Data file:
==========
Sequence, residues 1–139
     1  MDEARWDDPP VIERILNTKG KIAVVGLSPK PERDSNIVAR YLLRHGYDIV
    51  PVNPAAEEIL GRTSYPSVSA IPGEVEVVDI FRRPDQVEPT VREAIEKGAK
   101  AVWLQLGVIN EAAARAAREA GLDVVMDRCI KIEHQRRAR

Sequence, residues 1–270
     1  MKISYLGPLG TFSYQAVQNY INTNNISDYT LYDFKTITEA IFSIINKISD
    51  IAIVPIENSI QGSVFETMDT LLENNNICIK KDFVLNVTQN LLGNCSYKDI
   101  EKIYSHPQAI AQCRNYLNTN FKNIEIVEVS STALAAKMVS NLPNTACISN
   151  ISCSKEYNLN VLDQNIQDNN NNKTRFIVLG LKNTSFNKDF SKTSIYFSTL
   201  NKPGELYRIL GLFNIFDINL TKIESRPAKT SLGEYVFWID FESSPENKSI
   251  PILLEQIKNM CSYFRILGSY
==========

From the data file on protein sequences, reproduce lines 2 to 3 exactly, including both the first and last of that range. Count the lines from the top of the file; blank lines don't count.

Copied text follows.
     1  MDEARWDDPP VIERILNTKG KIAVVGLSPK PERDSNIVAR YLLRHGYDIV
    51  PVNPAAEEIL GRTSYPSVSA IPGEVEVVDI FRRPDQVEPT VREAIEKGAK